Specifically with reference to the flowchart in FIG. 1, The library contained in 120 can be a complete standard cell library or a limited set of standard cells or logic primitives that form a sufficient set to derive the set of large logic functions in Step 160. In Step 130 the RTL netlist or netlists of Step 110 are synthesized using a logic synthesis tool and the library from Step 120 to produce a netlist in 140 in terms of the logic gates from the library of 120. At this point the number of transistors used to implement the netlist or netlists can be counted in Step 150. One or more logic gates can then be grouped into larger functions (sometimes referred to as bricks) in Step 160. Our preferred method for Step 160 is detailed in the U.S. application Ser. No. 11/619,587, referred to previously. The individual TL bricks can then each be synthesized directly into a transistor level implementation using TranSynth as part of Step 170. In Step 180 the newly re-synthesized bricks are substituted for the equivalent logic gates in the original netlist. In Step 190 the number of transistors in the netlist is once again counted. The number of transistors in the netlist at Step 180 will have less transistors than the netlist at Step 140.

With this overall description, further particulars will now be provided.

Brick Discovery is the process of finding a limited set of Boolean functions, some of which are non-standard complex Boolean logic functions that most efficiently implement a design. Integral to this process is the evaluation of a single Boolean function in terms of transistor level efficiency. Transistor Level Synthesis (henceforth referred to as TranSynth), is the process by which a Logical Brick, which is the logic and/or physical representation of a non-standard complex Boolean logic function, is transformed into a set of transistor-based logical gates, called a Transistor Level Brick (henceforth referred to as a TL Brick). The transformation process includes gate level synthesis, netlist generation and transistor sizing. Once transformed, these TL Bricks can be evaluated in terms of performance, area and power. Without these runtime evaluations during Brick Discovery, the chosen Logical Bricks could result in a design implementation that is significantly inferior to that which is otherwise possible.

By grouping the logic functions into bricks that are based on functions with a large number of literals (input logic variables), the TL brick implementation of those functions can be implemented in terms of a number of transistors that is often less than, and guaranteed to be no worse than equal to, that which is required for implementing the same function with a number of logic primitives, such as standard cells. As an example, consider the logic function A(DE+FG)+BC, which is an example of a 7-term logic brick. Implementation via standard cells is extremely efficient for this function in terms of two AO22's (standard cell AND-ORs). The transistor-level schematic for this standard-cell-based implementation is shown in FIG. 2. It is comprised of 20 transistors and requires 4 stages of logic to implement the function A(DE+FG)+BC.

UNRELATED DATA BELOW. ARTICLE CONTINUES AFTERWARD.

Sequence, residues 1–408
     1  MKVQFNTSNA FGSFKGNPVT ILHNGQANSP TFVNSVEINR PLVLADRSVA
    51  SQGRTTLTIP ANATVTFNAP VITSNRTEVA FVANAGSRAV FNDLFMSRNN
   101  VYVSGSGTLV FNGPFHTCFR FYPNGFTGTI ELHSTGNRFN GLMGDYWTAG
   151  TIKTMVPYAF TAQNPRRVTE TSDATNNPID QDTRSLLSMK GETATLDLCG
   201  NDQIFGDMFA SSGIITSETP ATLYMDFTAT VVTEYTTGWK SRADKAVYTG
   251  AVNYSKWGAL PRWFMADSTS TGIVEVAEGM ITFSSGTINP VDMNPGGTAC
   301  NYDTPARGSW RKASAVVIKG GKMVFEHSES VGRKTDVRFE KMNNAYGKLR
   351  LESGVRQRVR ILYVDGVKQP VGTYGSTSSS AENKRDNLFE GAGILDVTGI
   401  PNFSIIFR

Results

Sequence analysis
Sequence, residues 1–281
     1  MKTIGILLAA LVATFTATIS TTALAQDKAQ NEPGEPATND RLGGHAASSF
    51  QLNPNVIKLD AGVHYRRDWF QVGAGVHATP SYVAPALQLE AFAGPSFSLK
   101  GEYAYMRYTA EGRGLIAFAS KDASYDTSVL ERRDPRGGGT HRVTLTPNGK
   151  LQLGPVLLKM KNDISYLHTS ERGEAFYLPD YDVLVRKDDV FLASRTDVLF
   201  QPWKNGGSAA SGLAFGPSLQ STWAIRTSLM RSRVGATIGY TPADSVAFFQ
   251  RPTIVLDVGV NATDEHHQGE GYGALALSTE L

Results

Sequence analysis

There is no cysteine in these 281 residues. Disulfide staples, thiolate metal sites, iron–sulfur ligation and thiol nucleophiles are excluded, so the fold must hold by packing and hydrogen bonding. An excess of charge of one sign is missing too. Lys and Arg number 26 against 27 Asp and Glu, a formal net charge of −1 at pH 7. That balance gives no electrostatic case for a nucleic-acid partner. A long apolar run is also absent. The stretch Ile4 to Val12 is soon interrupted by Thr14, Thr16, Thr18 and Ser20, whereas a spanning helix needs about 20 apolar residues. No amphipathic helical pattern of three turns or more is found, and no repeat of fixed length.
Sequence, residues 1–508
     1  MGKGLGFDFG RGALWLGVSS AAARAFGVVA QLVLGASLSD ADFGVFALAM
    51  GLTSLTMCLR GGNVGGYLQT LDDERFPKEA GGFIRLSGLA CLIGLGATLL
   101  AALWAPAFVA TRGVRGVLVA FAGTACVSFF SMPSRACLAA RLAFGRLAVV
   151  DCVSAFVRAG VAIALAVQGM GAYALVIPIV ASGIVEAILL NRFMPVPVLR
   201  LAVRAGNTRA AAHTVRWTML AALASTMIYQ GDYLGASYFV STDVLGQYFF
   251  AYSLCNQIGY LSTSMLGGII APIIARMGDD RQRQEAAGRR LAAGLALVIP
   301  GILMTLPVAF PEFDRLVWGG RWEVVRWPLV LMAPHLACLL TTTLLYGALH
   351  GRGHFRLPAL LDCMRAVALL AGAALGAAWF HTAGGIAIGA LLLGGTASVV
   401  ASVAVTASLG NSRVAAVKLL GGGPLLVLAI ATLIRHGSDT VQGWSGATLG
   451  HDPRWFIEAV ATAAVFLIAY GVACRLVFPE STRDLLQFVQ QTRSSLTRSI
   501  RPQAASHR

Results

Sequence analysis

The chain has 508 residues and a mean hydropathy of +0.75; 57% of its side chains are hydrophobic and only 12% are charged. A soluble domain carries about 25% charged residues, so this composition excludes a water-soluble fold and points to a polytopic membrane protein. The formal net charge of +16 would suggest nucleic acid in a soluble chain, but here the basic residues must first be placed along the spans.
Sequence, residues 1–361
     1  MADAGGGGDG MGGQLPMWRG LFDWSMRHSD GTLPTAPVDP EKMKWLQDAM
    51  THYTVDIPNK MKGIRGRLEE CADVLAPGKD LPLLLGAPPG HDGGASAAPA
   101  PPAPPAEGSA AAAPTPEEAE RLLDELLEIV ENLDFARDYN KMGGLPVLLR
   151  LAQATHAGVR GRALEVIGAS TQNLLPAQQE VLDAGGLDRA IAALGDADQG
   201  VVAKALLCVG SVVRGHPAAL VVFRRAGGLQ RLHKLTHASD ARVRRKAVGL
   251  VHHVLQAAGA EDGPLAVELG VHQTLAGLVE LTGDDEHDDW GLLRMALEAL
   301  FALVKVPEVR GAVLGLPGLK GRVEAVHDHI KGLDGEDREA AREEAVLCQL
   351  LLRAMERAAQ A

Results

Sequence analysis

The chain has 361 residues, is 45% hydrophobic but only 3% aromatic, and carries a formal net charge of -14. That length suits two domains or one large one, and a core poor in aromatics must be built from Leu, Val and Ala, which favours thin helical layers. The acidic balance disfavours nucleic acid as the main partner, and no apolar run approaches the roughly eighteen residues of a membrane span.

In contrast, consider the transistor-level optimized implementation of a single TL brick for the same function, A(DE+FG)+BC, as shown in schematic form in FIG. 3. This implementation requires only 16 transistors, and only 2 stages of logic.

This optimization of logic functions, such as logical or TL bricks, can be performed for any size logic function, but in this invention it is intended for complex functions in the range of 3-12 inputs. Moreover, this invention as described in FIG. 1, includes taking one or more system-level or design-level (such as RTL) netlists and deriving a set of TL bricks and corresponding transistor-level optimizations of said TL bricks that will facilitate implementation of the netlist with a fewer total number of transistors. Optimization of logic is also achieved by choosing a logic family that does NOT include pass transistors because they are inefficiently laid out in the unidirectional pattern fabrics (those with patterns in each layer only in one direction.

By reducing the number of transistors, the complete logic design can be implemented more efficiently in terms of power, area and performance (including timing). Furthermore, by grouping the logic into TL bricks that are larger than typical standard cells, further improvement in area and performance is obtained by optimizing the physical implementation (layout) of the transistor-level optimized functions. This invention further considers the co-optimization of the layout and transistor level topology and sizing to achieve the best possible area, power and performance. This optimization could include the minimization or reduction in the total number of geometry patterns required to implement the design.